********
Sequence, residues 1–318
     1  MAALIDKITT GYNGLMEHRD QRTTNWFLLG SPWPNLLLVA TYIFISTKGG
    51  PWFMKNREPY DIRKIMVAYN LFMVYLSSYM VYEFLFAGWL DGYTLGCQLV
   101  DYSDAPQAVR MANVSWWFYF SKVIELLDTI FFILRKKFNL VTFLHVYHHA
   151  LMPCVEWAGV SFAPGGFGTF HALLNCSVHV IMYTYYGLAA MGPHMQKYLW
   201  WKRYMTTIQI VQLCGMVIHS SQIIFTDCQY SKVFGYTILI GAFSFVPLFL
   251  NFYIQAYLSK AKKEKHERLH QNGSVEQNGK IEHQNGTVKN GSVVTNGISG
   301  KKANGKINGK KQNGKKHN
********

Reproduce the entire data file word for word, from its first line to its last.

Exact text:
Sequence, residues 1–318
     1  MAALIDKITT GYNGLMEHRD QRTTNWFLLG SPWPNLLLVA TYIFISTKGG
    51  PWFMKNREPY DIRKIMVAYN LFMVYLSSYM VYEFLFAGWL DGYTLGCQLV
   101  DYSDAPQAVR MANVSWWFYF SKVIELLDTI FFILRKKFNL VTFLHVYHHA
   151  LMPCVEWAGV SFAPGGFGTF HALLNCSVHV IMYTYYGLAA MGPHMQKYLW
   201  WKRYMTTIQI VQLCGMVIHS SQIIFTDCQY SKVFGYTILI GAFSFVPLFL
   251  NFYIQAYLSK AKKEKHERLH QNGSVEQNGK IEHQNGTVKN GSVVTNGISG
   301  KKANGKINGK KQNGKKHN